Auto-Transformer. A transformer in which a part of the primary winding is used as a secondary winding, or conversely. Sometimes called a Compensator and used for starting alternating current motors.
Auxiliary Circulating Pump. See Pump, Auxiliary Circulating.
Auxiliary Feed Pump. See Pump, Auxiliary Feed.
Auxiliary Foundations. See Foundation, Auxiliary.
Auxiliary Machinery. As its name implies, it includes all machinery except the boilers and engines constituting the propelling machinery proper, and the deck machinery. Under this heading are included such items as Air Pumps, Ash Ejectors, Blowers, Bilge Pumps, Circulating Pumps, Condensers, Distillers, Evaporators, Fans, Feed Heaters, Feed Pumps, Filters, Injectors, Lubricating Oil Pumps, Oil Pumps, Sanitary Pumps, Transfer Pumps, Water Pumps, etc.
Avast. A command to cease pulling on a rope. Stop, cease.
Avast-heaving. A term used on shipboard as a command to stop pulling in the anchor chain.
Awning. A canvas canopy spread over a vessel's decks, bridges, etc. for protection against rain and sun.
Awning Deck. See Deck, Awning.
Awning Deck Sheerstrake. The strake of outside plating adjacent to the awning deck.
Awning Deck Stringer. See Stringer, Awning Deck.
Axis, Neutral. See Neutral Axis.
Azimuth Circle. A graded ring attached to a compass and fitted with vanes, screws and other apparatus. It is used in taking the bearings of the sun, stars and terrestrial objects.
Back-Board. A portable back support nicely designed and fitted on the after side of the stern thwart in a small motor or row boat.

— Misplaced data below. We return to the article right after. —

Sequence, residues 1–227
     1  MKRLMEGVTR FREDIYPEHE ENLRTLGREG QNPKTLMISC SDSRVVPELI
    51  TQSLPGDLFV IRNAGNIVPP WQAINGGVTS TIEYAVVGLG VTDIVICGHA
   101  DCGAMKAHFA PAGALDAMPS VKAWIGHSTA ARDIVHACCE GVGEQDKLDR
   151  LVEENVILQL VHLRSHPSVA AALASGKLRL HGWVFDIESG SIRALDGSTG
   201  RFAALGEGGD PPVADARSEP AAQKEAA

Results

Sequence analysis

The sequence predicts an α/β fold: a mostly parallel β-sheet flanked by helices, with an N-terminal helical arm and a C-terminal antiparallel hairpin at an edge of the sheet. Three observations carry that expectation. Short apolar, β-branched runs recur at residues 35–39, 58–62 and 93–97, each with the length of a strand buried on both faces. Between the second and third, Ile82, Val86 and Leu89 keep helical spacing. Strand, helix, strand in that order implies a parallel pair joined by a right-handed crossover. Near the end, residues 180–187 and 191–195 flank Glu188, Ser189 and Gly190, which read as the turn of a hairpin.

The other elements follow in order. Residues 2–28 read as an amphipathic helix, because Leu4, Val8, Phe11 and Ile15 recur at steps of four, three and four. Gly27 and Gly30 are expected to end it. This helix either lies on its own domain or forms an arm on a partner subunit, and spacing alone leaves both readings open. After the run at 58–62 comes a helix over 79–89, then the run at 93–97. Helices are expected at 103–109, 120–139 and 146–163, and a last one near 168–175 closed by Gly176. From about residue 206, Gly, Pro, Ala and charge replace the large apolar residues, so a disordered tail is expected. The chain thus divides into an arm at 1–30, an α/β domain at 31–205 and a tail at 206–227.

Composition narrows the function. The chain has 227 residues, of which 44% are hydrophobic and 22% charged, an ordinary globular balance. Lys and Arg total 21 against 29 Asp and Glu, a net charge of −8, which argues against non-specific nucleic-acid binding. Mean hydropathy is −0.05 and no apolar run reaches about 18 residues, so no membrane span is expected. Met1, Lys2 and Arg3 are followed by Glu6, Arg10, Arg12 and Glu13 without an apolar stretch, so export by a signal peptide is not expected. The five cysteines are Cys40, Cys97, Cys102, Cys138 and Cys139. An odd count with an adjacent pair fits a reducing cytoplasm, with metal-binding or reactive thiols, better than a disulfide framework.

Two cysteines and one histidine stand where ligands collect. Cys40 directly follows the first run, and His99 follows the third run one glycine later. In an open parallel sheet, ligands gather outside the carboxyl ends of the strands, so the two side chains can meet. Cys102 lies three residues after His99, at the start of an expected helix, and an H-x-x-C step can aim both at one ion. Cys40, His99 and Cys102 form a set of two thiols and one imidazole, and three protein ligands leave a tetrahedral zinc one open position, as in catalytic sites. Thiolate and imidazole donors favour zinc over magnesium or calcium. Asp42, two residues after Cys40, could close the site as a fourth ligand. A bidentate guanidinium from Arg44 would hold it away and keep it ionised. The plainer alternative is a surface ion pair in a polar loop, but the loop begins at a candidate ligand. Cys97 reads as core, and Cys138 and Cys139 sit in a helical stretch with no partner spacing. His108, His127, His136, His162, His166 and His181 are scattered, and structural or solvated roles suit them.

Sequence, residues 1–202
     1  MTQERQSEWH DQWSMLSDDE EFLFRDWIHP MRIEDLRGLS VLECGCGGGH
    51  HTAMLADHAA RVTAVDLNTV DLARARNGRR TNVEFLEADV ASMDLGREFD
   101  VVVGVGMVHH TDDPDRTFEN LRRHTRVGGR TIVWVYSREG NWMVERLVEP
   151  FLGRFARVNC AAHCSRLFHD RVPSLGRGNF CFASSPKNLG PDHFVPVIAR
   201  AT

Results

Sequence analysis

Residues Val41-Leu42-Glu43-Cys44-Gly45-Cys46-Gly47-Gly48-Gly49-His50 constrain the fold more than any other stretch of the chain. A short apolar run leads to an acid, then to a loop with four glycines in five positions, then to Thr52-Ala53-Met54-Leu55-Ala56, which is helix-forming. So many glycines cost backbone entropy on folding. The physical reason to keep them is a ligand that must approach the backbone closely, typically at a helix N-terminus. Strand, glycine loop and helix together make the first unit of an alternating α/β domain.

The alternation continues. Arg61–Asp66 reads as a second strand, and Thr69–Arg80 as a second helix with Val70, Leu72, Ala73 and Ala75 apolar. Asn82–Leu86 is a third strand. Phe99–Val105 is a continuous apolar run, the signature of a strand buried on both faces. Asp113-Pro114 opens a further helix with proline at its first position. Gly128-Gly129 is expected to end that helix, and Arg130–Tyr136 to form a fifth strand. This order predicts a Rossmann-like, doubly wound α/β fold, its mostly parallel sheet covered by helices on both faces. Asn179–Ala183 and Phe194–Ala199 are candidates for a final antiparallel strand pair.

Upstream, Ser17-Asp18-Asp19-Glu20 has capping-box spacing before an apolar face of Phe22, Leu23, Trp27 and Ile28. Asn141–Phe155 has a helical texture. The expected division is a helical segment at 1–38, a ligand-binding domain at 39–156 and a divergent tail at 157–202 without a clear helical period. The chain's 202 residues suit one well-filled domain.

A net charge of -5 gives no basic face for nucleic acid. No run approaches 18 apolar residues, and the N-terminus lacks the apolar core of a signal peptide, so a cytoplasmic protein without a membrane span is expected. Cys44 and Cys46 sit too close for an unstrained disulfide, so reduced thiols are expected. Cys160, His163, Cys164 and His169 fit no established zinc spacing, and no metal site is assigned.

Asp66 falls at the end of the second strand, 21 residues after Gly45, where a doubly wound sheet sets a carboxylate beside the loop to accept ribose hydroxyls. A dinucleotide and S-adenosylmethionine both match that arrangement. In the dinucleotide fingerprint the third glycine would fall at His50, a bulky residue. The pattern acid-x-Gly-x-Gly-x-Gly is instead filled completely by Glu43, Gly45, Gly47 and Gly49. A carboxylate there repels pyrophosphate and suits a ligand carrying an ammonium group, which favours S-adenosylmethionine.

Backbone. A term applied to the keel of a ship and sometimes to the center vertical keelson.
Backing. Making speed or having motion astern.
Back-Firing. See Gas Engine, Back-Firing.
Back Hand Rope. See Rope, Back Hand.
Backstays. Stays which extend from all mast levels except the lower, to the ship's side some distance abaft the mast. They serve as additional supports to prevent the mast from going forward and at the same time contribute to the lateral support, thereby assisting the shrouds.
Baffle Plate, Boiler. See Boiler Baffle Plate.
Balanced Rudder. See Rudder, Balanced.
Bale Measure. A term used where the capacity of a cargo hold is measured to the inside of the frames or cargo battens.
Ballast. Any weight carried solely for the purpose of making the vessel more sea-worthy. Ballast may be either portable or fixed, depending upon the condition of the ship. Permanent ballast in the form of sand, concrete, scrap or pig iron is usually fitted to overcome an inherent defect in stability or trim due to faulty design or changed character of service. Portable ballast, usually in the form of water pumped into or out of bottom, peak or wing ballast tanks, is utilized to overcome a temporary defect in stability or trim due to faulty loading, damage, etc.
Ballast Port. See Port, Ballast.
Ballast Pump. See Pump, Ballast.
Ballast Tank. See Tank, Ballast.
Ballast, Water. Sea water confined to double bottom tanks, peak tanks or other designated compartments for use in obtaining satisfactory draft, trim or stability. In the days of the sailing vessel this object was attained by the use of solid ballast such as sand, gravel, rock, etc.
Ballasted Condition. A condition in which it becomes necessary to fill all or part of the ballast tanks in order to secure proper immersion, stability, and steering qualities. This condition may be the result of the consumption of fuel, stores, and water; or the absence of part or all of the designed amount of cargo.
Ball Joint. See Flexible Joint.
Balsa. A name used in South America to designate rafts made of light wood.
Baluster. Small upright pillar or column supporting the hand rail around a staircase.
Band Saw Filing Machine. See Saw, Band, Setting and Filing Machine.
Band Saw Setting and Filing Machine. See Saw, Band, Setting and Filing Machine.
Banjo Frame. A device for handling the propeller of an auxiliary screw steamer.
Bank. An elevation in the sea's bottom which, if of sufficient height, forms a shoal.
Bar, Boring. See Boring Bar.
Bar Furnace. See Furnace, Bar.
Bar Iron. Rolled bars having various forms of cross section.
Bar Keel. See Keel, Bar.
Bar Stringer. See Stringer, Bar.